The resignation of The Age editor Alex Lavelle yesterday rips another layer off the emerging crisis within Nine’s mastheads driven by a perception that the 18-month-old new management is hurrying the metro papers to the right.
The company’s mastheads now seem positioned like The Australian about 20 years ago: lots of good journalism boxed in by an increasingly pre-set editorial line. The Australian today shows where that journey ends — with the journalism overwhelmed by culture wars and party political imperatives.
As always when editors leave from one of the country’s great papers like The Age, there’s a simple question: jumped or pushed? Either way, Lavelle’s departure and the brief 15-minute explanation given from the (currently WFH virtual) newsroom by Lavelle’s Sydney-based boss, James Chessell, has to be read in context.
That context? A letter to Nine management signed by about 70 Age journalists revealing deep internal concerns about “politicisation” of the masthead, a failure to reflect diversity and complaints about the paper becoming a Sydney subsidiary.
There are a few straws in the wind. On the culture wars front, The Age’s recent “no slavery, here” editorial kicked off the push by the right to de-legitimate the protests against systemic racism, launching supporting comments from the prime minister. The Age has since apologised and Morrison has “if anyone is offended” faux-pologised.
Over on the political front, both The Sydney Morning Herald and The Age have joined the AFR in the Liberal Party’s long campaign against industry super.
This shift challenges that “Independent. Always” slogan the merged company inherited. It was that rare bit of corporate-speak that captured both the power of the editorial mission and its importance to the business model.
Unsurprisingly, it’s what most news consumers want, most recently confirmed in the 2020 Digital News Report released on Tuesday (where it was expressed as “impartial”). Internal Nine research is understood to show the same thing.
Nine’s critics are primed to be sceptical, based on early data points: the company is chaired by former Liberal Party treasurer Peter Costello. Its CEO Hugh Marks hosted Scott Morrison at a $10,000 a head Liberal Party fundraiser on company premises last year. Chessell — the mastheads’ executive editor, who sets the editorial line — is a former staffer of another Liberal treasurer, now Sky News US contributor Joe Hockey.
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Of course, there is a long history of good journalists rotating through staff jobs and political reporting, including greats like Kerry O’Brien and Alan Ramsay. The experience can provide a deep understanding of how politics works on the inside. Niki Savva at The Australian continues to demonstrate how her insider experience gives her reporting a nuance that other reporters lack.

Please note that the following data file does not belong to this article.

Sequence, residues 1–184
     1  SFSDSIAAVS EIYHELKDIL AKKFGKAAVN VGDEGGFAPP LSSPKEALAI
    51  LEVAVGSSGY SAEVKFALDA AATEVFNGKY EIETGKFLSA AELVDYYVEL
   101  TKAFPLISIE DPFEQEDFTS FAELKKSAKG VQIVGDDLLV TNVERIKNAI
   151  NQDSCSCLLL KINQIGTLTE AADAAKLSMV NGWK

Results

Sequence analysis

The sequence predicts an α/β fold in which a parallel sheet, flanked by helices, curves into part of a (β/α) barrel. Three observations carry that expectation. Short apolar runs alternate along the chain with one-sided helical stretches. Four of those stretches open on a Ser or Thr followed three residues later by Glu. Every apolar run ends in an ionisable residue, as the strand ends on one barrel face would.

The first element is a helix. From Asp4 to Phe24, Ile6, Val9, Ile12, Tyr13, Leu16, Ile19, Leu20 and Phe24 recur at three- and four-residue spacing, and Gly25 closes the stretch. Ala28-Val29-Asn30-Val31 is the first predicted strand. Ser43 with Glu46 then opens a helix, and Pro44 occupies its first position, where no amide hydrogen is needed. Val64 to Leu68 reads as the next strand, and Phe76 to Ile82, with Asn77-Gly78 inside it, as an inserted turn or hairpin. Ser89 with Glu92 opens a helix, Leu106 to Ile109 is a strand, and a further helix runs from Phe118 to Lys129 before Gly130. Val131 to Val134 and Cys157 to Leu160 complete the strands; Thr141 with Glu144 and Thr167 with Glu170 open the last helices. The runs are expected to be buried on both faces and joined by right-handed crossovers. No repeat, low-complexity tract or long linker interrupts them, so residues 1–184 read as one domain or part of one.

But, inside the company, journalists feel that something is changing. The new management is much more hands on, intervening in stories and making decisions about placement that seems to promote a predetermined narrative. Tendered in evidence: the unsubstantiated June 5 front page “Activists ‘planning trouble’ at protest” (corrected with an apology online later that day).
The shock and sadness of Age journalists to Lavelle’s departure goes beyond the normal regret, describing him as a kind, gentle editor who acted with integrity and had a strong moral compass when it came to news decisions.
“I’m very sad tonight. The Age editor Alex Lavelle to exit,” state political editor Noel Towell said on Twitter.
“Thoroughly decent man. Worked tirelessly for the masthead. Very sad to see him go,” said tablet editor and former editor of The Sunday Age Duska Sulicich.
“A decent, kind and collaborative editor. Will be missed,” environment reporter and senior journalist Miki Perkins said.
“Alex Lavelle is one of the finest gentlemen I have known. A man with a moral compass, with compassion and integrity. You need to dig deeper to understand why he is gone,” former reporter Leonie Wood wrote on Twitter.
As newsroom leaders, editors have always had to play two often incompatible roles: their journalists want to be led by someone who fights on their behalf; CEOs expect a line manager who follows the company line, and gets the staff to follow on behind.
It’s now clear that the Liberal Party alignment of senior managers is taking this tension to breaking point.